Using fault-based grounds makes the process more complex, as proof is required to support the grounds for divorce.
Although they are unlikely to admit it, at least some judges in Mississippi do not look favorably upon a defendant who refuses to recognize that his or her spouse wants to end the marriage, thereby forcing the use of fault-based grounds. They are not about to force a couple to remain married when it is obvious that one of them wants out. At best, such judges will find a fault ground exists, when it really doesn’t. At worst, such judges may effectively punish the resistant spouse with a grossly inequitable property division, and excessive alimony and custody orders.
A divorce involves dividing property and debts between you and your spouse. Unlike most states, Mississippi's divorce law does not contain any property division guidelines. This leaves the matter up to the judge to interpret prior appellate court decisions. These are mostly based on the concept of “title,” in which each party keeps what is titled in his or her name. Jointly titled property will be divided by the judge. This system has a history of favoring the husband. More recently, judges have offset an otherwise unfair result by liberally awarding lump-sum alimony, or by considering the wife’s contributions to acquiring the property.
Alimony in Mississippi
Unlike most states, Mississippi's alimony law does not provide much in the way of guidelines. The law gives the judge wide discretion as to whether to award alimony, and the amount and duration of alimony, only stating that the award should have “regard to the circumstances of the parties and the nature of the case.” Alimony may continue even after the party receiving it remarries.
Child custody in Mississippi
If you and your spouse have any minor children, there will have to be a custody determination. The court must decide the issues of legal custody (concerning the right to make major decisions about the child’s welfare), and physical custody (concerning where the child lives and the time each party spends with the child). Custody, legal or physical, may be awarded to one party or to both parties jointly. If both parties agree to joint custody, it will be presumed to be in the child’s best interest. Unlike most states, Mississippi child custody law does not set forth any particular factors the judge must consider in making a custody, but only states that consideration should be given to “the circumstances of the parties and the nature of the case.”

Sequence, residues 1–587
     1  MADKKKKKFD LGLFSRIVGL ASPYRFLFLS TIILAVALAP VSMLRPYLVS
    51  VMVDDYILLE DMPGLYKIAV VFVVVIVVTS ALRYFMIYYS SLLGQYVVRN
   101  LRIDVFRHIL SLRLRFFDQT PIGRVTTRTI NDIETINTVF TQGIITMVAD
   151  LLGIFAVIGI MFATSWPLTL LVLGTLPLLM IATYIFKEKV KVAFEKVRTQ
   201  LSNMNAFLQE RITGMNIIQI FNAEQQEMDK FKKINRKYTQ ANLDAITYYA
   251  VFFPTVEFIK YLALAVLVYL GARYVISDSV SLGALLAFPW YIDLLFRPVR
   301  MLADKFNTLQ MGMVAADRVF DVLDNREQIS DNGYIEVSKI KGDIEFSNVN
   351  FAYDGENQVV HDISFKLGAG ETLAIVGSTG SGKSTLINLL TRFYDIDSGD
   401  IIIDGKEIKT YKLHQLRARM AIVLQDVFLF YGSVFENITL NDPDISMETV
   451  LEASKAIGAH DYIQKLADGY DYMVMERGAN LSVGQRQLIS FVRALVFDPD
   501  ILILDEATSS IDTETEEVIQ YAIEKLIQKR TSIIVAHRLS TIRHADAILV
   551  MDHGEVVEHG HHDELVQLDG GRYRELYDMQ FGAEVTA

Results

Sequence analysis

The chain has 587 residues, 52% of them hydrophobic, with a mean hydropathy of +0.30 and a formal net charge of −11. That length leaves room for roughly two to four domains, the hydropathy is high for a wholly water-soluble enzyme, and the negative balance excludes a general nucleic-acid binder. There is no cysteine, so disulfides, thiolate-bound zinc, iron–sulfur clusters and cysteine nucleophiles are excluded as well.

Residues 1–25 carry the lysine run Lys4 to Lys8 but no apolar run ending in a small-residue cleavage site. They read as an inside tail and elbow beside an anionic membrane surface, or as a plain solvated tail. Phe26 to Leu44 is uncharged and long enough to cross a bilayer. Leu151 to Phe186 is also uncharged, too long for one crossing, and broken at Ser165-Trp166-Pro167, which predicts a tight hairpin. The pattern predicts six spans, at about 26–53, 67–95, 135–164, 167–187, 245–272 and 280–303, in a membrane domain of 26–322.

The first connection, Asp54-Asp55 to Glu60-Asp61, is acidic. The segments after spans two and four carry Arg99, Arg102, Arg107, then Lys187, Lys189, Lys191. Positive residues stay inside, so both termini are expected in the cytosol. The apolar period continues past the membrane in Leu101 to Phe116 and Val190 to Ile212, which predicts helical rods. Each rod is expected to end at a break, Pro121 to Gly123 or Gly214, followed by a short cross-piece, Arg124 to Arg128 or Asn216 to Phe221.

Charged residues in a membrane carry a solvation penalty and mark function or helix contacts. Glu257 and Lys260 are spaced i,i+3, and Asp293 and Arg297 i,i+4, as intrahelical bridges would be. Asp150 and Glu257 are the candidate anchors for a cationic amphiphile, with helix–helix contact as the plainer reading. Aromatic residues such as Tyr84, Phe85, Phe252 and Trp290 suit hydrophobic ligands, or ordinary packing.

There are certain factors to be considered by the court if one party has been a perpetrator of domestic violence. If a party alleges the other party committed domestic violence and the court finds the allegations “are completely unfounded,” the court will order the party falsely alleging domestic violence to pay “all court costs and reasonable attorney’s fees incurred by the defending party in responding to such allegations.”
Child aupport in Mississippi
A decision must also be made about how the children will be financially supported. This almost always comes down to one parent paying money to the other. Child support is determined by taking into account the needs of the child, and each parent’s relative ability to meet those needs. This is determined by reference to the Mississippi child support guidelines. The guidelines are available on the Mississippi Department of Human Services website.
A court hearing may not be held until 60 days after the Bill of Complaint for Divorce is filed. Remarriage is permitted once the decree is entered, even if an appeal is pending.
LegalZoom’s online divorce service is an inexpensive way to file for divorce if you and your spouse agree on most major issues. Otherwise, you can talk to an attorney for advice or help filing for divorce through the LegalZoom personal legal plan.